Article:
On chess.com, my puzzle rating is 700 points higher than my game rating, but my chesstempo puzzle rating is only about 100 points higher than my chess.com game rating. In other words, puzzle rating on chess.com is not comparable with your game rating.
I'd suggest just keep doing 10 (or more) puzzles a day and ignore whatever the gap.
The original goal of chess was to capture the opponent’s king. The idea of “checkmate” follows this: you may as well call the game won/lost once capture next turn is inevitable. So you’re checkmated if whatever you do, your king would get captured next turn — i.e. if every move you can make would leave your king still in check.
In your example: There are ...
At first glance, before concrete calculation:
1 Kh1 looks reasonably safe, the king is out of harms way for good.
1 Rf2 self-pins the rook and disjoints White's whole army with no obvious upside. Why play it over 1 Kh1?
Looking a bit further, Black's queen is almost out of escape squares. However, the Rf1 is the only piece that can reasonably seal the trap ...
A Queen cannot be captured when static by an attacking King.
A Queen cannot capture a piece more valuable than itself.
A Queen cannot move to create a discovered check.
A Queen cannot sacrifice itself for a higher valued piece.
A Queen cannot initiate a double check.
I'm an FM, and my calculation process would be as follows:
1) See that after 2.Rxg4 Qxh6 2.Rg8 Bf8, I'm clearly winning and White has no follow up.
2) Look at White's king moves to get out of check. Immediately Kd1, Kd2, Kd3 can be discarded since they just let me play ...Rd8+ for free. Also, Kf1/Kf2 lead to the same thing after I play 2...Qf3+. So I'd ...
I tend to disagree with the other answers that suggest starting with just a few pieces.
Kids absorb so much, so quickly. When my daughter was 4, she used to just watch me so she got some familiarity with the shapes of the pieces, but there was no teaching at this time. When she was 5, I taught her the names of the pieces, and then how they all moved. I did ...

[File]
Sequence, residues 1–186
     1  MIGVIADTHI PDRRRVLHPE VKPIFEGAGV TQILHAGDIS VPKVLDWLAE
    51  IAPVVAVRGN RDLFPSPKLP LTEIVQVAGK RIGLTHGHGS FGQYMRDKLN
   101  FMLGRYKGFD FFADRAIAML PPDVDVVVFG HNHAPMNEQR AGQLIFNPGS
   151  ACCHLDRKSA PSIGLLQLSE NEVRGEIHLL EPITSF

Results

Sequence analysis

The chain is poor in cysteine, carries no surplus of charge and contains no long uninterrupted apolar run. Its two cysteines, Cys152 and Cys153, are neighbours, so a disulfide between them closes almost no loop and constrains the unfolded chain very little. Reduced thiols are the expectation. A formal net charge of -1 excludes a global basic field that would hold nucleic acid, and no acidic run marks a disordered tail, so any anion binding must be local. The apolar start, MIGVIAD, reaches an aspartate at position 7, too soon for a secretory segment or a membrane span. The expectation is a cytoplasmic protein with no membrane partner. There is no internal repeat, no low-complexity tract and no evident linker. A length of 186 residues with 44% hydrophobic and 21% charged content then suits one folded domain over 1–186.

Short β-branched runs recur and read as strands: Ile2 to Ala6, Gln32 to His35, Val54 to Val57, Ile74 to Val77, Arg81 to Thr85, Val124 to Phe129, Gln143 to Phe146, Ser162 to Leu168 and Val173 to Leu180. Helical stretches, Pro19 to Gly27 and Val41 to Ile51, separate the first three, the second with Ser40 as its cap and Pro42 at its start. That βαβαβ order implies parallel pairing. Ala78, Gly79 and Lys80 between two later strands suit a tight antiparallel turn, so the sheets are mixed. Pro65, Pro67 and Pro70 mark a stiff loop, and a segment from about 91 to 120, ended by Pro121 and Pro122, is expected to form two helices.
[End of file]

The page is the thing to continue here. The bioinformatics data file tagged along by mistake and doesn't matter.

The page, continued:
You haven't understood the puzzle. The puzzle asks you to find the best move for white after Bxg4 by black. It does not ask you to find the best move for black after Rh1 by white.
Having found Rh1 for white the moves that follow are illustrative only. They do not show all the possible black replies and there is no suggestion that the line chosen for black is ...
One way to fool some computers is to give them a fortress and then
offer material to trick them into opening the portcullis. For example:
[Title "White to draw"]
[FEN "8/8/pr1k4/Pp2rp1p/1Pp1pPpP/2PpP1P1/3P4/3K4 w - - 0 0"]
1. fxe5+?? (1. Ke1) (1. Kc1) 1... Kxe5 2. axb6 Kd6 0-1
Many computers won't resist the temptation to win RR for ...
Material trumps positional factors, unless the positional factors are extremely pronounced.
The advantage of the bishop pair is often estimated at half a pawn - enough to pressure the opponent, but not always force a win. Rook vs. knight is an advantage of roughly two pawns - clearly winning - so you're gaining a lot in terms of material.
You should cash ...
There is a lot more to this, and this is really not a great tactics problem as much as it is a continuing the attack problem. The difference is that with a tactic problem, you can see the result all the way to the end. Other positions, you have just a feel for it, and you know that you are probably winning, but you have to play what you can calculate, you ...
It is quite pointless analyzing moves in lost positions.
Here in either line white will lose a bishop for a pawn.
A queen threat is just that, a threat. Why are you so much afraid of it? The game could continue
In the other line you'd have
Both are very lost positions.
Why the computer picks the first over ...
Spotting potential mates isn't too difficult. There are a couple of obvious ones involving the b and h pawns which aren't far off from promoting. An immediate b7 threatens b8=N# for example. It can only be stopped by Bc7 but then after dxc7 black has Nxf6+ and the mate is delayed beyond 3 moves.
Pushing the h pawn is more promising. If it weren't for the ...
tl;dr: Chess problems must meet defined quality standards. Chess puzzles need not. (Disclosure: I am a chess problemist.)
Chess problems are all subject to rigorous conventions that are not that widely known, even among experienced chess players. Off the top of my head, the most important are:
There must be a unique solution. For example, in a mate in 4 (...